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sub 20 min 5k (Read 2535 times)


I've got a fever...

    If you run at a steady pace, your heart rate will always creep upward, no matter what the pace. This is called "cardiac drift." The faster the pace, the more it drifts upward, but even at an "easy" pace, it will always climb over the course of a run. This is why you have to slow down as you go in order to maintain a given target heart rate, as in these MAF tests. And that's one reason why I don't think that I personally could run like this. On non-speed days (which is every day these days due to my strained calf and the hot weather), I prefer to run at a steady pace, and maybe finish slightly faster, just to keep used to the idea of steady pacing / negative splits when it comes time to race. I don't enjoy slowing down as I go. I do think that there's plenty of merit to some aspects of the MAF training, particularly the idea of keeping easy days easy and aerobic base-building. I had a coach who told me no speedwork until you're up to at least 40~45 miles per week, and it was because he wanted me to build a sufficient aerobic base. My MAF target is 149 bpm. On most of my easy days, my average heart rate over the course of a run is around 151. I figure, given that cardiac drift is a given, if my average HR for the run is close to MAF, then it's been sufficiently easy. I'm not going to fight cardiac drift and slow down as I go. Mind you, I'm not being a contrarian about aerobic base building or MAF training -- I just prefer to run a steady pace by feel and to not worry about feeling the need to decrease my speed as I go. But I still keep on eye on HR on easy days just to be sure they stay easy.

    On your deathbed, you won't wish that you'd spent more time at the office.  But you will wish that you'd spent more time running.  Because if you had, you wouldn't be on your deathbed.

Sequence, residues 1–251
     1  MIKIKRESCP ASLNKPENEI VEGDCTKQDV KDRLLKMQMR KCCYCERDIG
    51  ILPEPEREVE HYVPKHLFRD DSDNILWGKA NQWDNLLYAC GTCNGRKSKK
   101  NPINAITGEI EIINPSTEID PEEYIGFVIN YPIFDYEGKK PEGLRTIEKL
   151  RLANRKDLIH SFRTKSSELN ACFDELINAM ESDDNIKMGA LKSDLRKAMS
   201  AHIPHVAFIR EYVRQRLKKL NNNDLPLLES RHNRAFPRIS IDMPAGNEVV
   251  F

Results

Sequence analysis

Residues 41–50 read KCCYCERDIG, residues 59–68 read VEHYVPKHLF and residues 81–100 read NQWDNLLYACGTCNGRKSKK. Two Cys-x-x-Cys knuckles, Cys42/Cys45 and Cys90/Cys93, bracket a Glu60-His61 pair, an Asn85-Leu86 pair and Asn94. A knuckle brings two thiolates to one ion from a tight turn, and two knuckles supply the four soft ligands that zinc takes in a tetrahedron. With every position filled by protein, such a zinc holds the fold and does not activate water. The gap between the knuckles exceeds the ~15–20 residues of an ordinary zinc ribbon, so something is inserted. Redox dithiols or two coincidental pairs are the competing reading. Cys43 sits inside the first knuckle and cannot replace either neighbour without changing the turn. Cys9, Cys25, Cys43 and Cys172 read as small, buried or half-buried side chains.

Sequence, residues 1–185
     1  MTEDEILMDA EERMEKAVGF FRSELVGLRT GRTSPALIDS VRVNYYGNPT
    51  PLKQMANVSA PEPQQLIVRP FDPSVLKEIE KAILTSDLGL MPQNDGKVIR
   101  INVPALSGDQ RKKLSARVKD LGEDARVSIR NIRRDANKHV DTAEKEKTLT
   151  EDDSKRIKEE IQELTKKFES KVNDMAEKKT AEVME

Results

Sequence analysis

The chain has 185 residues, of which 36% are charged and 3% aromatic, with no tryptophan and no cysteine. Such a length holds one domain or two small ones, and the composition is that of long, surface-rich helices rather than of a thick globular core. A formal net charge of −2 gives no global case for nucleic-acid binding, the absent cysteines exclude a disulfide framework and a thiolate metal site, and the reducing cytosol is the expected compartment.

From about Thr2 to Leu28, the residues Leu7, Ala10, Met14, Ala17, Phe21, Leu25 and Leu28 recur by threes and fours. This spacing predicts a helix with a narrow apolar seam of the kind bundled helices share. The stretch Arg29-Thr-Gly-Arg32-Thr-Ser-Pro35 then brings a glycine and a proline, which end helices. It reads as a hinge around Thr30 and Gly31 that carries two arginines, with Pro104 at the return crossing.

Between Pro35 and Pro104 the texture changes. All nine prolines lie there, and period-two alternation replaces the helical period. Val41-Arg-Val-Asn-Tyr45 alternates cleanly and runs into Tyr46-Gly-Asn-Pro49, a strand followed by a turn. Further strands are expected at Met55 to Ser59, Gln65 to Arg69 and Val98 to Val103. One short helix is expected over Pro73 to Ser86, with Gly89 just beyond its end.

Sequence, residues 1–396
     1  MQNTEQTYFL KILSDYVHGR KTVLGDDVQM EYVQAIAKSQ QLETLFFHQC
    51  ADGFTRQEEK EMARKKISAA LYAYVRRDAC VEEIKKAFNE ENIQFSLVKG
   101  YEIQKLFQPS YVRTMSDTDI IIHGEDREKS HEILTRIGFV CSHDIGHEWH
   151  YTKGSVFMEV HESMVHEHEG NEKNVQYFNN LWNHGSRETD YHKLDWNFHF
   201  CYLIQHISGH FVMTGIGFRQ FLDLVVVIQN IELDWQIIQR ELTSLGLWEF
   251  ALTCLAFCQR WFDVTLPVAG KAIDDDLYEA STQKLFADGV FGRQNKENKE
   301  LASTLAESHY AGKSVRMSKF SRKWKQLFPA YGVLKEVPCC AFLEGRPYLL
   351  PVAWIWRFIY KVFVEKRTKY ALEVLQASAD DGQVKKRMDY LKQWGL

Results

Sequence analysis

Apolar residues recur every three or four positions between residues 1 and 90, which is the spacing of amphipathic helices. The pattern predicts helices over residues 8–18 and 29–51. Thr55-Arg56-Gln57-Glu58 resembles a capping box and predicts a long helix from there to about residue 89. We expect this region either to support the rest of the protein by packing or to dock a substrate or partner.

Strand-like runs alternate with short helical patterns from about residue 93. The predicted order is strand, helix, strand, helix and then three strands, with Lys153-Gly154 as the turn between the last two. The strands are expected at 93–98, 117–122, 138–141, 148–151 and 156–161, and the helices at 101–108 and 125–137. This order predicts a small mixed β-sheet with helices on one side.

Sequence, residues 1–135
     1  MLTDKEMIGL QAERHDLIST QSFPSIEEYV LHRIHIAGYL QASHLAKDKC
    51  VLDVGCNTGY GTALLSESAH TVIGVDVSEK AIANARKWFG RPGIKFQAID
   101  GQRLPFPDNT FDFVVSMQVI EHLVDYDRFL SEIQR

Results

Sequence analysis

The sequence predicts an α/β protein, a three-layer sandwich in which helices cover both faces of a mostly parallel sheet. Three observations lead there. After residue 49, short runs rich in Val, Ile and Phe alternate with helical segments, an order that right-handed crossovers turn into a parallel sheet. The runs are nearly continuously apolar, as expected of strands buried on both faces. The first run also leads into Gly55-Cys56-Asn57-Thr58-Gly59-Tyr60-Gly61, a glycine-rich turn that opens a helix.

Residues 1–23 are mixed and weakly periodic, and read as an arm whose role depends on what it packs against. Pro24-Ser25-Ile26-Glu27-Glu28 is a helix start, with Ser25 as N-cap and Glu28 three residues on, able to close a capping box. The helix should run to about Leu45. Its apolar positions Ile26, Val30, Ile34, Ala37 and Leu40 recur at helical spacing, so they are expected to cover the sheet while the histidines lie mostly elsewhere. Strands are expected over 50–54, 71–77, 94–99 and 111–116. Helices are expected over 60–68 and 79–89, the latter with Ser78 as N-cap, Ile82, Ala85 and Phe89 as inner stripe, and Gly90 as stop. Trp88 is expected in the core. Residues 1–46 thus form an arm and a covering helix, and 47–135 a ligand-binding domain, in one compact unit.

Mishka


      Eddy...the dropoff in your per-mile MAF splits suggests (and confirms what others have said) you have a lot of opportunity to maximize your aerobic potential. As a comparison, here's a sample of MAF tests I did a few years ago: May 5, 65 degrees F, 16 sec differential from first to last mile Jun 13, 65 degrees F, 6 sec differential from first to last mile Aug 15, 85 degrees F, 15 sec differential from first to last mile * All tests were over 5 miles I had a great aerobic base for all of those tests and my fitness peaked in late-August to early-September. This kind of test, assuming you are strict in sticking to the same HR, provides excellent feedback about your aerobic progression over time. It's a good training session at the same time, so you're not sacrificing valuable training time by doing this test every so often. As Jeff mentioned above, I wouldn't focus on doing most of your training runs like this. It's just a good means of obtaining feedback on the development of your aerobic base from time to time.
      Ed4


      Barefoot and happy

        I don't enjoy slowing down as I go.
        There's an alternative to slowing down. Choose your pace so that your heart rate starts out lower than your limit, and only approaches the limit as it drifts upward near the end of your workout. Anyway, at this point I don't experience a lot of drift. It's only really noticeable to me on runs over 10 miles, or in very hot weather.
        Curious about running barefoot? Visit the new barefoot running group.
          And let me hereby anoint Jeff my spokesperson. He says what I'm trying to say, only better and without my tendency to rile and offend. Smile
          Mikey crabby = will ya just quit talking about running and go run already ? except not as nicely Wink Mike, your patience in answering old questions repeatedly is appreciated Smile Especially with Jeff as your interpreter Big grin

          Life is not measured by the number of breaths we take, but by the number of moments that take our breath away...(unkown)




          Go With The Flow
          Thyroid Support Group

          Ed4


          Barefoot and happy

            Here's a followup on heart rate drift. Today I did a 10.9 mile run at my usual 145 heart rate. I took splits at a few known landmarks: First 2 miles -- 9:18 pace (avg HR only 134 due to slowly warming up) 2 mi to 4.7 mi -- 9:10 pace 4.7 mi to 8.9 mi -- 9:11 pace 8.9 mi to 10.9 mi -- 9:26 pace So you can see that my drift is pretty minor, and doesn't really become noticeable until after 9 miles. In comparison, a month ago my pace drifted from around 9:00 to over 10:00 on this same course.
            Curious about running barefoot? Visit the new barefoot running group.
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